My data come primarily from English-based creoles of the Caribbean (especially my native Guyanese Creole, but also Jamaican and Barbadian) and from colloquial American English (especially African American Vernacular English, but also, recently, from computer corpora, like Google newsgroup data). I’ve also been interested, increasingly since the 1990s, in how sociolinguistic research can be applied to help us understand and overcome the challenges that vernacular and creole speakers face in schools, where standard/mainstream varieties are expected.
Frances and Charles Field Professor of History
BioJessica Riskin received her B.A. from Harvard University and her Ph.D. from the University of California at Berkeley. She taught at MIT before coming to Stanford, and has also taught at Iowa State University and at Sciences Po, Paris. Her research interests include early modern science, politics and culture and the history of scientific explanation.
Riskin is the author of Science in the Age of Sensibility: The Sentimental Empiricists of the French Enlightenment (2002), which won the American Historical Association's J. Russell Major Prize for best book in English on any aspect of French history, and the editor of Genesis Redux: Essays in the History and Philosophy of Artificial Life (2007) and, with Mario Biagioli, of Nature Engaged: Science in Practice from the Renaissance to the Present (2012). She is also the author of The Restless Clock: A History of the Centuries-Long Debate over What Makes Living Things Tick (2016), which won the 2021 Patrick Suppes Prize in the History of Science from the American Philosophical Society.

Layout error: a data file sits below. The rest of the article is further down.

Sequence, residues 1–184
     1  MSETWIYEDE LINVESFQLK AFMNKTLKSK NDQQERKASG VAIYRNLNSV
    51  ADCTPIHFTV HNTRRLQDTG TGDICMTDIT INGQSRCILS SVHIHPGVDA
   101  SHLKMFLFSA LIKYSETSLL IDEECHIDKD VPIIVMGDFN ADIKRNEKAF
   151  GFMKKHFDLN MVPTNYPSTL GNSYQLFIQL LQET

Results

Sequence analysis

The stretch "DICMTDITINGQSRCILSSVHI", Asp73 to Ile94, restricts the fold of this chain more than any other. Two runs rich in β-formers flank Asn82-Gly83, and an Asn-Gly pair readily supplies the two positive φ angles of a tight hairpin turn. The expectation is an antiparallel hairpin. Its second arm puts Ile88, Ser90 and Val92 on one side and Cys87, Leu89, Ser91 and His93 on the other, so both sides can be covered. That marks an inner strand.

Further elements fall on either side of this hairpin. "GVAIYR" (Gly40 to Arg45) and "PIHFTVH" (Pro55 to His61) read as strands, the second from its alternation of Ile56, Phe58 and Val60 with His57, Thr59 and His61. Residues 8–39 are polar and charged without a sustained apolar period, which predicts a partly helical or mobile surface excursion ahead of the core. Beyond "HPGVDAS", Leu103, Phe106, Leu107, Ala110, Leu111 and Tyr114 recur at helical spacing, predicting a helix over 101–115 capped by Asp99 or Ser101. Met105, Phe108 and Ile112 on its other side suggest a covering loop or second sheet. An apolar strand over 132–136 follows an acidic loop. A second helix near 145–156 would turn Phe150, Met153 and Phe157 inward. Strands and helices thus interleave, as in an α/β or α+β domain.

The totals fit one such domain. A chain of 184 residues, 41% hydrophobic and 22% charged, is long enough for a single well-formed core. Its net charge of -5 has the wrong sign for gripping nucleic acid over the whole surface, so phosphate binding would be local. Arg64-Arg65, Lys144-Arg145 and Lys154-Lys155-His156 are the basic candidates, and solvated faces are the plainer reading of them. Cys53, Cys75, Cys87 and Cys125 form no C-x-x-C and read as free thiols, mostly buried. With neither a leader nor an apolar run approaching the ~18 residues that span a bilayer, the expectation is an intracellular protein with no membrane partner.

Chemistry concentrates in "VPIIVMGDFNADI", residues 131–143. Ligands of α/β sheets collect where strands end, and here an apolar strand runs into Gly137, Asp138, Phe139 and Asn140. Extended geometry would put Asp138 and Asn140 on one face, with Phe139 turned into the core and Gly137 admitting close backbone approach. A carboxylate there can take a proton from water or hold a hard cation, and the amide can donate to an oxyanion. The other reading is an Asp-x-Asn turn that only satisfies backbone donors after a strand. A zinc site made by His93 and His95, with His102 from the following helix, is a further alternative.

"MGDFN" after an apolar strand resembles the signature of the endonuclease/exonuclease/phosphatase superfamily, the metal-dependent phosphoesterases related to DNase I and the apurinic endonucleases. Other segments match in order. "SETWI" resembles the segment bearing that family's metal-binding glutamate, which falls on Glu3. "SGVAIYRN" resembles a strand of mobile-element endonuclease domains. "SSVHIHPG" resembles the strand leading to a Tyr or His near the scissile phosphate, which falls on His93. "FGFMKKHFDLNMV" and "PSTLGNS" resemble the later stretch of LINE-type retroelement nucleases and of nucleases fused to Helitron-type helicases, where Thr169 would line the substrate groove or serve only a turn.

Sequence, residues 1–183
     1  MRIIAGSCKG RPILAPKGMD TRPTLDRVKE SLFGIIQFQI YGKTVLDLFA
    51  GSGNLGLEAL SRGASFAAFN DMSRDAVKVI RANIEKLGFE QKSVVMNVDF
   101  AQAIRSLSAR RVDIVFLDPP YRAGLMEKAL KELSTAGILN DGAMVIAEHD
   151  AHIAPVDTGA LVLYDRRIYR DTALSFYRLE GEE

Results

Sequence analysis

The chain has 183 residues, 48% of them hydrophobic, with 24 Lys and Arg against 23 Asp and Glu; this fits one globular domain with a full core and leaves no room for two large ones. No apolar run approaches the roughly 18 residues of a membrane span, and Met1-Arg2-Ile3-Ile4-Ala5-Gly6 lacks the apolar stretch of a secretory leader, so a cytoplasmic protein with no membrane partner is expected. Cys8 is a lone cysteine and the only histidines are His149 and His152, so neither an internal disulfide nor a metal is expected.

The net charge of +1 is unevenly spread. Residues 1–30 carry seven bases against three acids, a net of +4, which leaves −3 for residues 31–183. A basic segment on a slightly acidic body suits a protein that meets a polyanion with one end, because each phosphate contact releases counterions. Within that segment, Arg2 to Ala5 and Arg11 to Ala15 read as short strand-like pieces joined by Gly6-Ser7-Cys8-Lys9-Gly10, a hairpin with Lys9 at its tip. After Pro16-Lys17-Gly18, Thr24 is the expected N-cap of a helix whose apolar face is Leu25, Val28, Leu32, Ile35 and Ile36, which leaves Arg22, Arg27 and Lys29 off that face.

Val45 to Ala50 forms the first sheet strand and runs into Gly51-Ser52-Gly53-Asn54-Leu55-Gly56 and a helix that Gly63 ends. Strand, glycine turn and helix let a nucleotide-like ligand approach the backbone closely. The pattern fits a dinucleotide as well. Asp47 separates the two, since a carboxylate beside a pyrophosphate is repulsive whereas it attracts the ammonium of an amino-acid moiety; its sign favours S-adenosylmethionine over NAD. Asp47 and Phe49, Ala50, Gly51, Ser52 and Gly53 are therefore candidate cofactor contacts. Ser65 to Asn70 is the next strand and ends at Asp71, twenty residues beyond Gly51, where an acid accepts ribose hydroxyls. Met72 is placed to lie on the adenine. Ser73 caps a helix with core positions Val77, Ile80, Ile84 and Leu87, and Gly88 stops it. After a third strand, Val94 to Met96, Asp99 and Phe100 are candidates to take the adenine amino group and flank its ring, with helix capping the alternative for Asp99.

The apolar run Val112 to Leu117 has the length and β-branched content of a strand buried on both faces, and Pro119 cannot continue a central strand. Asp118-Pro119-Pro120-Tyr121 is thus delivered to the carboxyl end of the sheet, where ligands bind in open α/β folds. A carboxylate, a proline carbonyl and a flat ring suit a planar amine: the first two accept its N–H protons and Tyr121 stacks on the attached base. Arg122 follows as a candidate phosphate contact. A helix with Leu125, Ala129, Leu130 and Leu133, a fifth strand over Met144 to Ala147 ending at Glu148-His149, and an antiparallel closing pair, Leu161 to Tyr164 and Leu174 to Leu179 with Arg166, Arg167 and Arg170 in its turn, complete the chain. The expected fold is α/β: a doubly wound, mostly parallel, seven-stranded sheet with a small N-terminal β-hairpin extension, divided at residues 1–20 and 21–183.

The Charles Simonyi Professor in the School of Engineering, Emeritus
BioFrom 1990-2002, Roberts served as associate chair and director of undergraduate studies for the Computer Science Department before being appointed as Senior Associate Dean in the School of Engineering and later moving on to become Faculty Director for Interdisciplinary Science Education in the office of the VPUE.